Sometimes we find the warmest tones in the “coldest” music. A prime example of this is side two of David Bowie’s Low album. In 1977, the four-song suite of “Warzawa,“ “Art Decade,“ “Weeping Wall,“ and “Subterraneans” seemed designed to put as much distance as possible between the artist and his fans. These songs would never be played on the radio, or in the clubs for that matter. For some, it seemed that the music was a deliberate slap in the face. It was only with time that we began to understand what Bowie was doing, and how strongly he was influenced by German bands such as Cluster and Neu.
Those who stayed with Low would discover the beauty of the melodies, and come to understand the depth of his artistic vision. This is the path Christiaan Virant has taken for his solo debut, Fistful of Buddha. The nine instrumental tracks that make up the disc combine for a very effective East-meets-West amalgamation. There is the tangible, or the “fistful,” and there is the intangible, or the “Buddha.” By combining them, Virant has produced a work of marvelous complexity.
The artist was born in Beijing, but has spent a significant amount of time in Europe. His compositions reflect the two cultures, but not in ways that are always obvious. There is a calm, “Zen” quality to the album, but outside of “Do Better,” I do not hear much of what one might consider “Chinese music.” It is the sound of the drone that predominates, a tone which is mostly associated with Indian classical music, yet has been used to great effect here.
The disc opens with “Title Sequence,” which gives one the mistaken impression that this is to be something of a “space-rock” excursion. “Title Sequence” had me thinking of the quieter moments of Pink Floyd classics such as Dark Side of the Moon or Wish You Were Here. To be honest, if the album had continued in that vein, I would not have complained. But there is much more to come, and “Title Sequence” is just one of nine very distinct pieces.
“River Pearl” is the second track, and the cello of Benjamin Pates is a significant element. With the inclusion of an instrument that is so closely associated with Western music, the song serves notice that Virant has a wide variety of arrows in his quiver. It was with the title track, followed by “Grey Zone” that I began to think of the collaborations between Bowie and Eno though. While I am not specifically comparing “Grey Zone” to “Warzawa,” the deep soundscapes and icy drones do share common ground.
Lest I sound like a one-trick pony, let me point out that there are a great deal of other recordings along these lines as well. Autechre’s debut Incunabula is one, as are Michael Hoenig’s Departure From the Northern Wasteland, and In A Garden of Eden by The Heavenly Music Corporation. In all of these (and many others), I find the music to be understated, yet deeply moving. One must listen closely to detect the nuances, which is probably a big reason that the ambient genre has never been widely embraced. When it comes to this form, there is very little middle ground. Based on the reactions I have seen, it is either a love it or hate it proposition.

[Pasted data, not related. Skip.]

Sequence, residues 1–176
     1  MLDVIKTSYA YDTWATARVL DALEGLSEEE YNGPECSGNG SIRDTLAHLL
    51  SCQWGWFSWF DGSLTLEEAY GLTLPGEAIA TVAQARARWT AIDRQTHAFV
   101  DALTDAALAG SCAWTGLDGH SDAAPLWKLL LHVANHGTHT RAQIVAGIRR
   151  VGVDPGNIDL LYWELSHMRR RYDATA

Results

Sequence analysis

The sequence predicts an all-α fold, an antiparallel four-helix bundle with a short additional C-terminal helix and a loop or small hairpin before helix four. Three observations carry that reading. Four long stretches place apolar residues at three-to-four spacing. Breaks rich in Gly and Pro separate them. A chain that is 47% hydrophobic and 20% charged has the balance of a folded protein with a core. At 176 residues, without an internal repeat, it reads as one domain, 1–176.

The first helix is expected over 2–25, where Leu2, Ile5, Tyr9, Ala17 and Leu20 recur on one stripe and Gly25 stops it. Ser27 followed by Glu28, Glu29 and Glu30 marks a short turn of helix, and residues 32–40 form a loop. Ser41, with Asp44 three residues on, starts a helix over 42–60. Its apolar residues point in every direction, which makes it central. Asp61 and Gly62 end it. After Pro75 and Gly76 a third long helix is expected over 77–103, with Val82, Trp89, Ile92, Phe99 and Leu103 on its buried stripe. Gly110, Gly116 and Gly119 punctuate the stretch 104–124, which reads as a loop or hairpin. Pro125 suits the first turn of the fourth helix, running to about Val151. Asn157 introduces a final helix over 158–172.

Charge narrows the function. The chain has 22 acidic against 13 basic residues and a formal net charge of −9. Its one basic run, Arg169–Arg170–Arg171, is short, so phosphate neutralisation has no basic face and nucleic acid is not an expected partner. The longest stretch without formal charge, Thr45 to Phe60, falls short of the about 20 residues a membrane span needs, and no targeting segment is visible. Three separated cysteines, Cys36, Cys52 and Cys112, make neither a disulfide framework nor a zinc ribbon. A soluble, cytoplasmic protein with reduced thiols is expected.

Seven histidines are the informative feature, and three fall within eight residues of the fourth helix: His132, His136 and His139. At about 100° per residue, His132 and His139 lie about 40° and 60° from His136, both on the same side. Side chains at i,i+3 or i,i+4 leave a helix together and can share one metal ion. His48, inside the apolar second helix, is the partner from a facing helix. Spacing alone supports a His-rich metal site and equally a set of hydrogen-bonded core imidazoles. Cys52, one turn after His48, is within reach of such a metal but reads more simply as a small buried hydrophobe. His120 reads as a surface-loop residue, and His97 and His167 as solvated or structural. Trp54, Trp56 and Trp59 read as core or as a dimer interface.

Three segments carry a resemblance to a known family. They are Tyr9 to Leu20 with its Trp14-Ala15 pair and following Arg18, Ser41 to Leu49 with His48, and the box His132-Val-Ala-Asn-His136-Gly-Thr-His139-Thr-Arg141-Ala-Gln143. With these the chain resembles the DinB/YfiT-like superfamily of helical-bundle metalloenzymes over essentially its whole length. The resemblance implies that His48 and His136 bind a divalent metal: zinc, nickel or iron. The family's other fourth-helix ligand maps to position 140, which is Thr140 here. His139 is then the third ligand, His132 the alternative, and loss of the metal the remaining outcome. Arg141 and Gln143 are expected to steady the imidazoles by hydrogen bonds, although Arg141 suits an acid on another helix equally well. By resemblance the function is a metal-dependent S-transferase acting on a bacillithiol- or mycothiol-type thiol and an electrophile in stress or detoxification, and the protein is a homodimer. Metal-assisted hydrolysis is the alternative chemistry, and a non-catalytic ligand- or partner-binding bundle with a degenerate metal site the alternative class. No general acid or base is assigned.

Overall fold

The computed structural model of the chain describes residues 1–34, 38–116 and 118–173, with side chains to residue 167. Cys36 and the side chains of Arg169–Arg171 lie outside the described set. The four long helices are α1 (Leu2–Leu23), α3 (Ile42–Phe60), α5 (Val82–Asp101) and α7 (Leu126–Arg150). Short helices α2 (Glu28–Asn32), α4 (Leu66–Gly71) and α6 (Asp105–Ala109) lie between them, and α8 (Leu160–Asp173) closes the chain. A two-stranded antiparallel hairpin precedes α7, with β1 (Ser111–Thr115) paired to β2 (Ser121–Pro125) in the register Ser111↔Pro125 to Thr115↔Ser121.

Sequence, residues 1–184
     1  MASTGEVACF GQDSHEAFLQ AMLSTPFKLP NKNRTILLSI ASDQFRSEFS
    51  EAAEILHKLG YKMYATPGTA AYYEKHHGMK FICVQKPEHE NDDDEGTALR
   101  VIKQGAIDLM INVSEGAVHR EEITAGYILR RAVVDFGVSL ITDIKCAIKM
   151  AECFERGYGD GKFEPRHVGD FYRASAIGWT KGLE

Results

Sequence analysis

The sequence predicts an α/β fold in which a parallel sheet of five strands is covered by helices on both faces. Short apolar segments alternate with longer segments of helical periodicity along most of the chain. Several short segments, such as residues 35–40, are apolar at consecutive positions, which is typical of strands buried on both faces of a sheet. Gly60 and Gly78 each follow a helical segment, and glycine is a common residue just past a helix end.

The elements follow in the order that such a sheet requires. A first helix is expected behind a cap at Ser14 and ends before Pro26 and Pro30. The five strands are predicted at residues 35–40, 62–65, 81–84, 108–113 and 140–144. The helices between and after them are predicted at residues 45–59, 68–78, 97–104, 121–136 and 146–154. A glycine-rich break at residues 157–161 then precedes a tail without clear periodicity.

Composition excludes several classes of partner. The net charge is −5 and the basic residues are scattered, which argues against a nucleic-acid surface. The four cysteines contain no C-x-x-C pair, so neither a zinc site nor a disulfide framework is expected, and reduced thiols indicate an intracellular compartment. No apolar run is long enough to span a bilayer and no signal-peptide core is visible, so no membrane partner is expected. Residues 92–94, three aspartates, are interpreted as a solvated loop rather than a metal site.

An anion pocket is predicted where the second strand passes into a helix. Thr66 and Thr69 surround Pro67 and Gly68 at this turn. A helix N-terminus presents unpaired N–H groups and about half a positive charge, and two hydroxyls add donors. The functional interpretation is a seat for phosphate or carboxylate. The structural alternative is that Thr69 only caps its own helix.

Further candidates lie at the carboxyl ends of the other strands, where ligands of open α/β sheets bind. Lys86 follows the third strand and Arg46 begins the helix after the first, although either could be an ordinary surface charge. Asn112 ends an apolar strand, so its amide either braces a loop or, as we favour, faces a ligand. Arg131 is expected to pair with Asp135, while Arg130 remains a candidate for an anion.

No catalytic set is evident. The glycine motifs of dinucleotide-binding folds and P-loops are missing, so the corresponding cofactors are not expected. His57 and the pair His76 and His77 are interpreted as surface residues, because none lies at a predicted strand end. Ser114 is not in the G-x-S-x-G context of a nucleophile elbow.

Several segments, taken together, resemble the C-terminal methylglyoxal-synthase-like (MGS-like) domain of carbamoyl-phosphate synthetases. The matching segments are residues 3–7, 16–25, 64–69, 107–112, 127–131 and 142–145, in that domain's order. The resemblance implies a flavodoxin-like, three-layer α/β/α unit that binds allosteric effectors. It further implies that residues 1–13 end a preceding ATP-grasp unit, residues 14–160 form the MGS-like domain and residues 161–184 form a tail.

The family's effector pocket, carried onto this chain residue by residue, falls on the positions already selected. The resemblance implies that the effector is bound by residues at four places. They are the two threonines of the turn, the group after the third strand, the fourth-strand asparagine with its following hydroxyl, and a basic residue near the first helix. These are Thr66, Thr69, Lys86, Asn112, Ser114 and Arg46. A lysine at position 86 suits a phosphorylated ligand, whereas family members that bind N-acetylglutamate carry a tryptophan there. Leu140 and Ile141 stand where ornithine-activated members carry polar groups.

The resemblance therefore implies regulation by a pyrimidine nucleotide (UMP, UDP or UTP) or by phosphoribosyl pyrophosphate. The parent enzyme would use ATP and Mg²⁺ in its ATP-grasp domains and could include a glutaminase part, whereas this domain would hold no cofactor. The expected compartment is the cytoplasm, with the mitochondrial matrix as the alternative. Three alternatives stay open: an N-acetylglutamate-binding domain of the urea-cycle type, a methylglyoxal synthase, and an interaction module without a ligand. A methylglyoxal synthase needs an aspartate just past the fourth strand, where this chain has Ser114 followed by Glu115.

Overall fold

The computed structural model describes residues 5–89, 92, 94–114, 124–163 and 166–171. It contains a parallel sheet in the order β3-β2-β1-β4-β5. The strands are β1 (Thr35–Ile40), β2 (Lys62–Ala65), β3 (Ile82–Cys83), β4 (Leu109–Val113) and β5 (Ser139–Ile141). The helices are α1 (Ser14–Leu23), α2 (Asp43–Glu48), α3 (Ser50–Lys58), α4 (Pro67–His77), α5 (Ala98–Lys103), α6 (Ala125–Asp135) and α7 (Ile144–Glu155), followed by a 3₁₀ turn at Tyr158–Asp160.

The percussive flavors of “Do Better” add another dimension, and the song again highlights the cello of Pates. Although the disc is not presented as a nine-song “suite,” I tend to listen to instrumental albums that way. As such, “Do Better” would herald the third “act” at track seven. From there we float into the gorgeous “Cricket,” which is sort of an odd title for such an otherworldly piece. “Cricket” seems to exist in a dream.
“Cricket” is transcendent, but the disc concludes with “Yuan Yi,” a track that is difficult to describe, yet unforgettable. The song opens with a sound that is the most “open” of any, and seems to set the stage for a lengthy journey. It is the most inviting of the album, yet the tones quickly double back on themselves to restate the theme. As a hopeless krautrock fan, I could not help but to think of Kraftwerk’s “Autobahn” at this point. In the end, it is with an emphasis of the beauty of the melody with which Virant chose to close out his brilliant debut.
Philip Glass takes offense to his music being described as “minimal,” which is understandable, as no artist wants to be pigeon-holed. Yet there is a place for minimalism in our hyperactive world. The challenge is to keep the music interesting, without resorting to the usual bag of tricks. Prior to Fistful of Buddha, Virant was known for being the co-creator of the Buddha Box. This is a small gadget that plays sampled beats, and looks a lot like a ‘60s transistor radio. Evidently it was very popular in Europe.
The “tricks” I mentioned earlier certainly include beats, which Virant is obviously quite familiar with. He even uses them on a couple of tracks, including the previously mentioned “Fistful of Buddha.“ The key is that everything is presented in a subdued manner, which allows the listener to discover the various layers at their leisure. This is a quality I find immensely satisfying, as the approach offers multiple options for the listener to explore. Fistful of Buddha is an album that combines repetition with some surprising twists, and is a highly rewarding listening experience.
Eno’s Music for Airports was the first ambient album I ever heard, because it was the first to be marketed as such. One could say that the form has been around forever though. The argument could even be made that the ancient Gregorian Chants are ambient. Call it what you will, but I consider Fistful of Buddha to be the soundtrack of the ambient Millennial generation.